ABB – the second-largest maker of solar power adapters worldwide – has its own solar resume. Its PowerStore is a flywheel technology that protects conventional microgrids and ensures the safe integration of large amounts of wind and solar energy. ABB’s global research and development center for electric power is located on N.C. State’s Centennial Campus.

ABB’s specific role with Solar Impulse is unclear at this point, with details of projects under wraps. Piccard summed up the partnership this way: “Solar Impulse delivers the message, and ABB produces the corresponding products.”

Specs and how SI2 flies

Maxine Ghavi, head of the Solar Industry Segment Initiative at ABB, said the collaboration is a natural: “If you look at ABB and Solar Impulse, we share a common ideal – which is to address the growing energy demand with increased efficiency and minimal environmental impact.”

Increased efficiency was the impetus for Solar Impulse building a second prototype plane. The first – the HB-SIA, which made its initial test flight in December 2009 – was basically a technology lab with wings that was unable to handle flights of longer duration. It was disassembled last August in favor of the larger, upgraded and more powerful Solar Impulse 2 (HB-SIB), which made its maiden flight June 2.

The single-seater has a 236-foot wingspan that’s larger than that of a Boeing 747-8. The 17,000 solar cells built into the wings provide four electric motors with renewable energy.

The plane is made of carbon fiber, known for its strength, low weight, temperature tolerance and chemical resistance. It weighs only 5,070 pounds – about the weight of a midsize car. More than 40 percent of that weight comes from lithium ion batteries that are recharged during the day so that the Solar Impulse 2 can fly through the night.

This technology has advanced dramatically since the 1970s, when solar aviation began with model aircrafts and affordable solar cells appeared on the market. The first manned solar flight was in 1980 in California by Paul MacCready, whose teenage son was a test pilot.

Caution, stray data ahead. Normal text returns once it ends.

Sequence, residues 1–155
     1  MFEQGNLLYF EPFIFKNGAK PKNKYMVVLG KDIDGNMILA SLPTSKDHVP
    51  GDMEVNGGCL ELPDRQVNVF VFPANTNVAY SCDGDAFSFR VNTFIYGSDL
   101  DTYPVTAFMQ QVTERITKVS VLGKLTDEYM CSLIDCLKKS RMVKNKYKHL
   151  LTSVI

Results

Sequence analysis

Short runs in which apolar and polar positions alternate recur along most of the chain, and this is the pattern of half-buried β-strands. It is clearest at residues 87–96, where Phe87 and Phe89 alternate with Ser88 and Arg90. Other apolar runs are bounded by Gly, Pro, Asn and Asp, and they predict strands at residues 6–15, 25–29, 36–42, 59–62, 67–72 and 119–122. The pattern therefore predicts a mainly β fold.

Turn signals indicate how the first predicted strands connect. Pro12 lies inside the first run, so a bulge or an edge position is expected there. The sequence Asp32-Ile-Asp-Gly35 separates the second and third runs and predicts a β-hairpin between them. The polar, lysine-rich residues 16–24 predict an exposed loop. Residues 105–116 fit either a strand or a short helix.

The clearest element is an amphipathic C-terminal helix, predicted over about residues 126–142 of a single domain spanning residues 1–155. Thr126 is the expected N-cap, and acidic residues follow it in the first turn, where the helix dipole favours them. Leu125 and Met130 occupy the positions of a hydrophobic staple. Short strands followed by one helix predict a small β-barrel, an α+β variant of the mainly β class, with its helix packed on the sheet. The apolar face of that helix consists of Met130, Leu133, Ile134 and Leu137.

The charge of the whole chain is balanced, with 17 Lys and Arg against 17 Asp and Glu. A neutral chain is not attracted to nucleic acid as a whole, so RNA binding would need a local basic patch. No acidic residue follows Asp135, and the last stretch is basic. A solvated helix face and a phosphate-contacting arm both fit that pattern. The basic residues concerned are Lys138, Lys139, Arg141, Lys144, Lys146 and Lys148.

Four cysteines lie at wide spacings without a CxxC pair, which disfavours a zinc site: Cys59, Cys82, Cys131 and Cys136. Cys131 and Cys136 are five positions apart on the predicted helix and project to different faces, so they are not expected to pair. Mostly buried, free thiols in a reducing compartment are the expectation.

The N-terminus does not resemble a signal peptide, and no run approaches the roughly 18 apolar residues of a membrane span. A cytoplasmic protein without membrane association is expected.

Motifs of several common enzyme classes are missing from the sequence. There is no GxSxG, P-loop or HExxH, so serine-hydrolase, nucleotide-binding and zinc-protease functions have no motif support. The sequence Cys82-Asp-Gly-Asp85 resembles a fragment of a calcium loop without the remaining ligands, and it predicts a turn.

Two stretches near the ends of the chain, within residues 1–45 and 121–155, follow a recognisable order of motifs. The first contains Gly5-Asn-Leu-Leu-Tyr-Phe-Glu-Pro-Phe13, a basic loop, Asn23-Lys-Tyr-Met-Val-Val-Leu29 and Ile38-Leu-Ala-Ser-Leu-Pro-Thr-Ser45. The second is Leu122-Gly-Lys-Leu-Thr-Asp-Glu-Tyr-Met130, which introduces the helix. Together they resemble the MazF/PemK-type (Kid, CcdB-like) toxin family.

On the horizon

Despite how far Solar Impulse and solar flight have progressed in a short time, “We do not foresee solar-powered commercial aircraft in the near future,” Piccard said. He emphasized that Solar Impulse 2 is an experimental plane, with a calculated lifespan of 2,000 hours.

“As for the aviation industry, it is well aware of its need to change. However, this cannot be done quite as drastically as with Solar Impulse.

“Our project involves zero fuel. Conventional aviation cannot switch straight to zero fuel. Intermediate steps are needed, such as using lighter materials, more direct routes or approaching airports through constant descent rather than performing level landings. Aviation will be the final area of transport able to stop using fuel.”

Nonetheless, Piccard is among the many who eagerly await SI2’s around-the-world attempt next year. He said the operation, planned from March to June, will probably include about 10 flights of two to five days each.

Sunshine will be crucial, especially in the morning. The plan calls for the plane to spend all day climbing as its batteries recharge before descending slowly under power at night to save energy. A headwind at night could cause the plane to lose energy before sunrise.

“At the beginning, the daylight will be too short to fly several days in a row; we will need to land at night with charged batteries and be able to take off again in the morning. If the weather conditions are favorable, we will change pilots and leave again immediately. If there is a storm, we will have to wait for good weather to continue.”